Most serious readers have heard of Lolita, the iconic novel that barreled through controversy and outrage to become a lasting legacy in the literary world. Few people, though, have heard of Sally Horner, a young girl who potentially inspired Nabokov’s horrifying contribution to modern literature. Rust & Stardust by T. Greenwood finally tells Sally’s story, giving back the narrative that was taken from her.
Greenwood’s novel starts off as most crime inspired novels do, with something unsettling. Sally only wants to be liked by the girls at school and is willing to do anything to join their club. So, when they ask her to steal something from the local store for her initiation, Sally, though hesitant, agrees. When she’s unsuccessful in her petty crime, however, the consequences seem far steeper than she had ever imagined. A man claiming to be an FBI agent stops Sally, and tells her she is under arrest for her delinquency. However, he’s willing to help her out and take her to Atlantic City to speak on her behalf in front of the judge who will preside over her case there.
Sally, while maybe a bit gullible, is also an 11-year-old girl, living in the late 1940’s who is being told by an adult a seemingly plausible truth with which she can’t seem to argue. Besides, she is the criminal here. What can she do? This experience starts Sally’s nearly two-year-long journey with her kidnapper and abuser.
Rust & Stardust, though at times terrifying and nauseating, is a hard book to put down. Greenwood follows to a T Sally’s real route with her kidnapper adding in, through fiction, the characters and stories that only Sally could’ve known. If you go in thinking Rust & Stardust is merely a fictional novel, you might find its premise hard to believe, the sequence of events so impossible it becomes frustrating. But, when you realize that these events were the only things Greenwood didn’t fictionalize, the novel becomes even more heart wrenching.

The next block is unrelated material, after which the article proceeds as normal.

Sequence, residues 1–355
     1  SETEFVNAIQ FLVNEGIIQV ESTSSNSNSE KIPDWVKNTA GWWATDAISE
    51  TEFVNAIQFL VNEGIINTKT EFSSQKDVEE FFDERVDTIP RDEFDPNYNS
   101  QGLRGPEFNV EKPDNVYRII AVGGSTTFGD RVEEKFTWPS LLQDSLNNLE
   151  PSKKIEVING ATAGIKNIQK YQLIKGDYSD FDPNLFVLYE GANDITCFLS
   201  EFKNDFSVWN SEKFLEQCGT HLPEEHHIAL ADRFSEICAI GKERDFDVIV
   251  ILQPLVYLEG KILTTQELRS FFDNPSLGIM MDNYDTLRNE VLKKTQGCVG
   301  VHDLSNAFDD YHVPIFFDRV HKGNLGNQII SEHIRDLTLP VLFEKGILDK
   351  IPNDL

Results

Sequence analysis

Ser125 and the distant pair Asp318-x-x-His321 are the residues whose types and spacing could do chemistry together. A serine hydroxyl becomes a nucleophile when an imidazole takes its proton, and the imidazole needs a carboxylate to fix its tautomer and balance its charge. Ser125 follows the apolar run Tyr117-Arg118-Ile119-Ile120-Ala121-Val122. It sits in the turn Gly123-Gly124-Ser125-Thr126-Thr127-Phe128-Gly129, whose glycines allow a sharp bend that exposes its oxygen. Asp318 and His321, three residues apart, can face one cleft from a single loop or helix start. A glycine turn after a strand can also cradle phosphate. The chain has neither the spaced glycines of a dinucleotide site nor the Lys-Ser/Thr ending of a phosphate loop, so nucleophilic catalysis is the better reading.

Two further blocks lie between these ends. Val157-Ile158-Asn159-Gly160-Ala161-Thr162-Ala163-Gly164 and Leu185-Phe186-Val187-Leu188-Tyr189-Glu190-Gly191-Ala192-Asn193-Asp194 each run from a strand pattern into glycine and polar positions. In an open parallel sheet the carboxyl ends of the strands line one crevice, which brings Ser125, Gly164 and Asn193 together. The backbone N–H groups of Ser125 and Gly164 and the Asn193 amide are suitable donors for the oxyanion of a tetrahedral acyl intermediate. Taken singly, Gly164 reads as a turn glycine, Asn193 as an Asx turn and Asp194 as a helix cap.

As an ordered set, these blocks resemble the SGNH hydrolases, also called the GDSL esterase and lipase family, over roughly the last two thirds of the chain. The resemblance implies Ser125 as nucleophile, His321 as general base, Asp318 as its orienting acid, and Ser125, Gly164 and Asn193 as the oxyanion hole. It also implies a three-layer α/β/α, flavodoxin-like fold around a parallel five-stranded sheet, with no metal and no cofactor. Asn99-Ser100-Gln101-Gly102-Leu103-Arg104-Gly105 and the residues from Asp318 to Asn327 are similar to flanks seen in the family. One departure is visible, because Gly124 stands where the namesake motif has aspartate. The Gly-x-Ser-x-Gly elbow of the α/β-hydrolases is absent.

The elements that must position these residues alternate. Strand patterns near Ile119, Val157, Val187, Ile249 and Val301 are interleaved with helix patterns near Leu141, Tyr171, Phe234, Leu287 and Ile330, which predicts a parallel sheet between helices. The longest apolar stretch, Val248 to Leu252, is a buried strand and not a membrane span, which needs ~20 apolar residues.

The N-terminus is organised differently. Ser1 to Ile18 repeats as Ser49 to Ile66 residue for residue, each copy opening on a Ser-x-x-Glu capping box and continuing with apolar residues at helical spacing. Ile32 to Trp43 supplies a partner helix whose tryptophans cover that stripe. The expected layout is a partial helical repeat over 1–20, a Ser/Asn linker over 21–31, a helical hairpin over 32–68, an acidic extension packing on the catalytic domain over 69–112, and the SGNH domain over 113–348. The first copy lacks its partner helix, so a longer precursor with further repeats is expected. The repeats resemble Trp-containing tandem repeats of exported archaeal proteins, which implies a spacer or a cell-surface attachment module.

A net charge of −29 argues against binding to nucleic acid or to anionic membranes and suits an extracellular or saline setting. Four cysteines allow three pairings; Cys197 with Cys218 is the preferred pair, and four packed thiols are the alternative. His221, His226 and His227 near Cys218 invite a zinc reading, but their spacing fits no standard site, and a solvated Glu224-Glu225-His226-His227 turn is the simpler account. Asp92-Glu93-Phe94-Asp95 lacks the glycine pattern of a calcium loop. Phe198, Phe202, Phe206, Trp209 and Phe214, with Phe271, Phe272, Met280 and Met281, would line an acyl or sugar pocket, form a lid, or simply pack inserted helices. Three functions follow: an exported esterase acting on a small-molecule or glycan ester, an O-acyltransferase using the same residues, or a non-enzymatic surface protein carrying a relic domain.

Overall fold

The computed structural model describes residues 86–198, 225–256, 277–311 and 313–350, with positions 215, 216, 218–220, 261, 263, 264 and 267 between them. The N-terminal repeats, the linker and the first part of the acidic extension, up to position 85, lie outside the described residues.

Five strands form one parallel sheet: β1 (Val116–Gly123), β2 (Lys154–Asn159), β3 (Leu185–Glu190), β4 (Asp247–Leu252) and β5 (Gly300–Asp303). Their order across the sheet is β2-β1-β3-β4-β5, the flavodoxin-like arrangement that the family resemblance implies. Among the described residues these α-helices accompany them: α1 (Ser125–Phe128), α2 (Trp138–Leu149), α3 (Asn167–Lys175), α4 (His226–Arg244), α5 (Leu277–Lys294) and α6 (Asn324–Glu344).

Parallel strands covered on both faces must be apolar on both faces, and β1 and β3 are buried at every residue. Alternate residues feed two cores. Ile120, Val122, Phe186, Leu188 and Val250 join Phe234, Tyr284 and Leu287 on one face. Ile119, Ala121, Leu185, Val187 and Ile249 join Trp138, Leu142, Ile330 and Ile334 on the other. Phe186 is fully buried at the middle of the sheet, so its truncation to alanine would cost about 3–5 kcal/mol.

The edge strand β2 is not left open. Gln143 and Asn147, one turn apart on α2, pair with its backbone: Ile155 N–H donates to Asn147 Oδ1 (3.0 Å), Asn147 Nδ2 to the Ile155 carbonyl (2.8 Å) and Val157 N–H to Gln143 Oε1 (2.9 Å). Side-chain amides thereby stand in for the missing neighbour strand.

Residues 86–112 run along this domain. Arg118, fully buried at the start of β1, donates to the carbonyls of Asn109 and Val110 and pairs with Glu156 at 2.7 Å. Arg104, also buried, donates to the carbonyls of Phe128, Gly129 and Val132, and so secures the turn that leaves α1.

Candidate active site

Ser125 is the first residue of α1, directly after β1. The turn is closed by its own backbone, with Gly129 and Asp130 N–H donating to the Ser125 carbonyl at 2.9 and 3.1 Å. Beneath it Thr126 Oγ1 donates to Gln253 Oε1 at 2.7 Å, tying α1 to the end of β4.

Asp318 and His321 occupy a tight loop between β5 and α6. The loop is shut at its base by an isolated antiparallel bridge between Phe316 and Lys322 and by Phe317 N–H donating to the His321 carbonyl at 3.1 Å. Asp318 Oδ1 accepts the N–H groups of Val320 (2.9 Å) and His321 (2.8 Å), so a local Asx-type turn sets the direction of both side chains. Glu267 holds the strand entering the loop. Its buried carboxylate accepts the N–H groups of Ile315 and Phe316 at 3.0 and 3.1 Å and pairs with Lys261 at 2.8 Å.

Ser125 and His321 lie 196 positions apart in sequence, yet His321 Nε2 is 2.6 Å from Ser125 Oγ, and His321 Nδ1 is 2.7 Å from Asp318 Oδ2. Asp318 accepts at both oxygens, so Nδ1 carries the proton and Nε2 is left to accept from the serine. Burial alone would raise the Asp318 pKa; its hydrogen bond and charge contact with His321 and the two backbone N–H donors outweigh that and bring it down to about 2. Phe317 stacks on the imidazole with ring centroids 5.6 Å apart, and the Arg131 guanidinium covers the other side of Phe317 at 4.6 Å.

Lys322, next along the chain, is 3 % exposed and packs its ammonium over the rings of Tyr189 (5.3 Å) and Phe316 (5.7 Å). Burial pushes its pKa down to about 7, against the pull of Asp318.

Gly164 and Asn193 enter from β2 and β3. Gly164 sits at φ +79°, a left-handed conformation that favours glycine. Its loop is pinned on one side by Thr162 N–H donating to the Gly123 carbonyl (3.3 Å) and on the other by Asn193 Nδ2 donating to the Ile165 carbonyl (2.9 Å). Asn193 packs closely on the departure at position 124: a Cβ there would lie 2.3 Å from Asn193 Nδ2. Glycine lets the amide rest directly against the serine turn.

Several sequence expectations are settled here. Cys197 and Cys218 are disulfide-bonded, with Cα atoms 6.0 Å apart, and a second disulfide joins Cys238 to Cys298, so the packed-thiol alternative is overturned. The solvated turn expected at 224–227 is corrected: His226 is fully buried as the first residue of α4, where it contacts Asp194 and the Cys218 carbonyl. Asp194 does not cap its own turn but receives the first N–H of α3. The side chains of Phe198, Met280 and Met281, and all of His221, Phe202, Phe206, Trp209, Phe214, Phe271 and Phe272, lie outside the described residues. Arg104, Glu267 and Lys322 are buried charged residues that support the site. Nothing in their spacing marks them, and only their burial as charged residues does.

The one area where Greenwood falls short is in the connections she makes between the reader and the characters. While it is impossible not to feel for Sally and her hardships, it does seem challenging to truly understand or get close to any of the characters. Part of what might make this so difficult is the shift in perspective between so many different characters. Nonetheless, Rust & Stardust is a novel whose pages seem to never stop turning.
Slated for release by St. Martin’s Press in August of 2018, you can preorder a copy of Rust & Stardust from your local bookstore.
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FTC Disclaimer: This book was given to me in return for a fair and honest review of the text.
2 thoughts on “‘Rust & Stardust’ by T. Greenwood”
I love the Nabokov quote she picked as a title for this one. I recently read a nonfiction account of this same story that’s coming out later this year. I love Lolita and can’t believe I never knew more about this story that at least partly influenced it. Glad to see it’s getting so much page space recently. Great review!
Thanks! I’m so glad it’s getting more coverage too!